Colombia has a very deep rooted football culture, and after our national team qualified for the 2018 FIFA World Cup in Russia we thought we could encourage young people to see in the PISA tests an opportunity to represent their country, to build a national team of Colombian students to represent their country in language, math and science competitions. When designing this strategy, and focusing on our “Colombia PISA national team pushes ahead”, we also wanted to promote many values: teamwork, preparedness, acknowledging where there is room for improvement, the role of each player, the role of the Coach (which in this case can be a principal or a teacher) and the games played before the finals, which is the PISA test itself. By creating an analogy with the national football team going to Russia, we opened up a new and large window of motivation. We have had very positive comments on the subject.

Could you tell me more regarding the design and startup process of this campaign?

We mainly focused on how to motivate our students. The first component was to familiarize them with the issue, i.e., when you know what a test looks like your anxiety diminishes. Thus the platform becomes useful as the pedagogical component of our strategy. The platform also includes a few questions released by the OECD from previous tests. There is also a module for teachers, so that they may introduce some didactic elements into their classes aiming at developing critical thinking, memory and question comprehension, among others.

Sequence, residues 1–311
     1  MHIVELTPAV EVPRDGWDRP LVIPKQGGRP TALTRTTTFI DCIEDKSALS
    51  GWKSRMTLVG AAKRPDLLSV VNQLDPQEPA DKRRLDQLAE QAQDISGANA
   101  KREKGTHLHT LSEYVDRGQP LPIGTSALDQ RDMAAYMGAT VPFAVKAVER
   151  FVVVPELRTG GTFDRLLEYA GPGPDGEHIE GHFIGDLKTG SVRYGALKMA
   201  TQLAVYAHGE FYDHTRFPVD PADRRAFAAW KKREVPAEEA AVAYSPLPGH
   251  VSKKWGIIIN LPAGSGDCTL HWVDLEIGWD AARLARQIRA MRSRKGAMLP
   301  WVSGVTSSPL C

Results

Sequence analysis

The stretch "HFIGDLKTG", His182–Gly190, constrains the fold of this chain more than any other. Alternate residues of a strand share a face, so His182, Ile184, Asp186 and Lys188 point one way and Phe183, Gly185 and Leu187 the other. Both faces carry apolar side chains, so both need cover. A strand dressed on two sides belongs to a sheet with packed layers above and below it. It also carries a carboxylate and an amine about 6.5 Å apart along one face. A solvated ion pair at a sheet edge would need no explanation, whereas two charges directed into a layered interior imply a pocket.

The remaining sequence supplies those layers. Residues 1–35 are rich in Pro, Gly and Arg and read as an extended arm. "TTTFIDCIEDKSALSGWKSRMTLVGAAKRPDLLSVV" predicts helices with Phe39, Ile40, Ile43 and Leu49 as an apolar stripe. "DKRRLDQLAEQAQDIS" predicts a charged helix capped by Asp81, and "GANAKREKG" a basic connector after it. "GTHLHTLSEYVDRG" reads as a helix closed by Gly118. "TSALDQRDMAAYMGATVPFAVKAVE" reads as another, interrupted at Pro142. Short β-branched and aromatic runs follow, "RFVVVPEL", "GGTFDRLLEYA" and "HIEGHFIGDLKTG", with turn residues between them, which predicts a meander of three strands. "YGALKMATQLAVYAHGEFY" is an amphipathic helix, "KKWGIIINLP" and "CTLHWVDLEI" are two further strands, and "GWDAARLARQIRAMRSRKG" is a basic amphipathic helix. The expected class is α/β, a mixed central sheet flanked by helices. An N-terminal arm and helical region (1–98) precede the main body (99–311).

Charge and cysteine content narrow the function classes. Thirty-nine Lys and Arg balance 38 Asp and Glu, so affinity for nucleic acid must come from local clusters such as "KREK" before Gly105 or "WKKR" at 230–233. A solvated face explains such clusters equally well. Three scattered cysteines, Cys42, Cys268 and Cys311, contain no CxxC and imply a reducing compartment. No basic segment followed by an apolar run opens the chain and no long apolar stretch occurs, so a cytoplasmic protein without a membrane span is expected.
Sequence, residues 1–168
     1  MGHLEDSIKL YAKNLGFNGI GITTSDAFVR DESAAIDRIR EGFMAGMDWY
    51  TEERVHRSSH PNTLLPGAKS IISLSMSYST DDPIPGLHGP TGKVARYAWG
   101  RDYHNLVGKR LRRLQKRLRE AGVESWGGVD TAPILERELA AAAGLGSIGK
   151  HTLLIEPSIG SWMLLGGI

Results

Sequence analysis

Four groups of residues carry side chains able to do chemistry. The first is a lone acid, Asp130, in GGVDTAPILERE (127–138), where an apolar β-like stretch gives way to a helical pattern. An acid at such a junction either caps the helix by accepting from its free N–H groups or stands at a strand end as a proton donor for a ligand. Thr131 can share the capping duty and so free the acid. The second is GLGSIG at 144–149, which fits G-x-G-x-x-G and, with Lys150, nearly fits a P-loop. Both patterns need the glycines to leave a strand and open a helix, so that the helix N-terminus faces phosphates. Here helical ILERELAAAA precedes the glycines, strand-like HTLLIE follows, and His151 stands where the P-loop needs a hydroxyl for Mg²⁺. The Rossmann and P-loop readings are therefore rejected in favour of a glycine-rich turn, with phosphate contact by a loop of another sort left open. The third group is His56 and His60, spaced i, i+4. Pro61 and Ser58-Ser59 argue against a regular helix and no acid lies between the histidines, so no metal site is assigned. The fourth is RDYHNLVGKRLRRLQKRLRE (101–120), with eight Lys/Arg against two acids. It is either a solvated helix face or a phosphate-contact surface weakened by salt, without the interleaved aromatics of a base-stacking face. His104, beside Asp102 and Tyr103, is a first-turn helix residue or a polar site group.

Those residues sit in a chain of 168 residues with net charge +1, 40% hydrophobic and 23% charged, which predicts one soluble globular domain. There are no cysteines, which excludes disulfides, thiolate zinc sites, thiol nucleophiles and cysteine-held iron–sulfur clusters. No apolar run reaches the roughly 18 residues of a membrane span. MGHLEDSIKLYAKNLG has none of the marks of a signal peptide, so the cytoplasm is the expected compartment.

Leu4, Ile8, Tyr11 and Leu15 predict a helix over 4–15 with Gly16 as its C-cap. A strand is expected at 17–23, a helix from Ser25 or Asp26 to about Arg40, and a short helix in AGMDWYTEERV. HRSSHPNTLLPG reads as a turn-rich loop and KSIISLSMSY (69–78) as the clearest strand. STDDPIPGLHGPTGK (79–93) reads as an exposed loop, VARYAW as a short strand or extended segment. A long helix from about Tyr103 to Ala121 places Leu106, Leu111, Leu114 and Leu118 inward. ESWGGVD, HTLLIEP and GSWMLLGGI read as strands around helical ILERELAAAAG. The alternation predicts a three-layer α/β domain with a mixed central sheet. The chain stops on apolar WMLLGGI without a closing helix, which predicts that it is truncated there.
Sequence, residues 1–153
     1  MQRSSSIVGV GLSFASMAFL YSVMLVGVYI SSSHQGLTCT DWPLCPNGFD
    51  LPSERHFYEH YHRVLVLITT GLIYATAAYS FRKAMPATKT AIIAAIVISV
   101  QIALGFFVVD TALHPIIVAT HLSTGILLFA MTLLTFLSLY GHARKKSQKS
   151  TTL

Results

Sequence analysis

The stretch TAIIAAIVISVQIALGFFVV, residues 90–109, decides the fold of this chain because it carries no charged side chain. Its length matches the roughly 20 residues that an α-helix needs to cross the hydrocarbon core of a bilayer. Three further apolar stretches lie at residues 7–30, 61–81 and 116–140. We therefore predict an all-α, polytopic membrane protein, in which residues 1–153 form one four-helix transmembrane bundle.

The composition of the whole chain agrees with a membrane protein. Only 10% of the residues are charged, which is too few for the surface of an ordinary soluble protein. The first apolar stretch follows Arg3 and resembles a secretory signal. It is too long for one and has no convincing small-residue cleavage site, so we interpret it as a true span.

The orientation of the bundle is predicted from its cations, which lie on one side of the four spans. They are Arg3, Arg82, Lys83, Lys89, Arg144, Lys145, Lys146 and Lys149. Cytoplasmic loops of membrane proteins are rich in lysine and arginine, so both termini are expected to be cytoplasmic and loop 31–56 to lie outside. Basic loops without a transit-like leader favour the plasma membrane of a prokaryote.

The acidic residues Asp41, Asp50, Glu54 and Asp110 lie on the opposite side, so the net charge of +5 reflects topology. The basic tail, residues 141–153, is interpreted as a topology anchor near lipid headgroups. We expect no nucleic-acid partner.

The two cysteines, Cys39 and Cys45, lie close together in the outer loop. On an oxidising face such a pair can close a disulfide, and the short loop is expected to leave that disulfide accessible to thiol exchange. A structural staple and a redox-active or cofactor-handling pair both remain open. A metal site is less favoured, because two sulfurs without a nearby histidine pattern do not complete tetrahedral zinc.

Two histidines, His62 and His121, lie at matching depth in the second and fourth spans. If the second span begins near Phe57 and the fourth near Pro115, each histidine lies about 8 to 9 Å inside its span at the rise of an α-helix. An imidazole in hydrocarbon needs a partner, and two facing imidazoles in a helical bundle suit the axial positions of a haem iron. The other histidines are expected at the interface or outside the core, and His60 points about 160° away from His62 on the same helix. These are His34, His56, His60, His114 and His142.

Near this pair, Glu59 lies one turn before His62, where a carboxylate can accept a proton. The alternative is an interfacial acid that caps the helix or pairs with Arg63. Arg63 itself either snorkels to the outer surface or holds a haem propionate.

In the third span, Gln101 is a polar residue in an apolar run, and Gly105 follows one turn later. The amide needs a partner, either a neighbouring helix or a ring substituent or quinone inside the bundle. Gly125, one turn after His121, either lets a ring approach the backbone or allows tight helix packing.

The pedagogical component is followed by a period of test and adjustment of the platform. At the same time, we assist the schools selected by the OECD to undergo the PISA test with their logistics and administrative approach to present the test.

The team made up of the Ministry of Education, Computadores para Educar [computers for education], the Colombian Institute for Educational Evaluation, ICFES, the Carlos Slim Foundation and Claro Colombia guarantees that all the logistics, pedagogical and follow-up structures for this arrangement to function properly are in place.

How did you manage to build the relationship between the players of the public and private sectors?

The quality of education does not depend solely on ministerial or governmental actions and/or on the public budget allocated. We have a growth relationship with both the Carlos Slim Foundation and Claro Colombia, and the most important factor is that we are all supporting these young people who represent the country during the test while at the same time measuring the learning performance level.

There is thus a co-responsibility between the public and private worlds regarding the quality of education in a country.

PISA Fuerte

What have been the main actions of the campaign?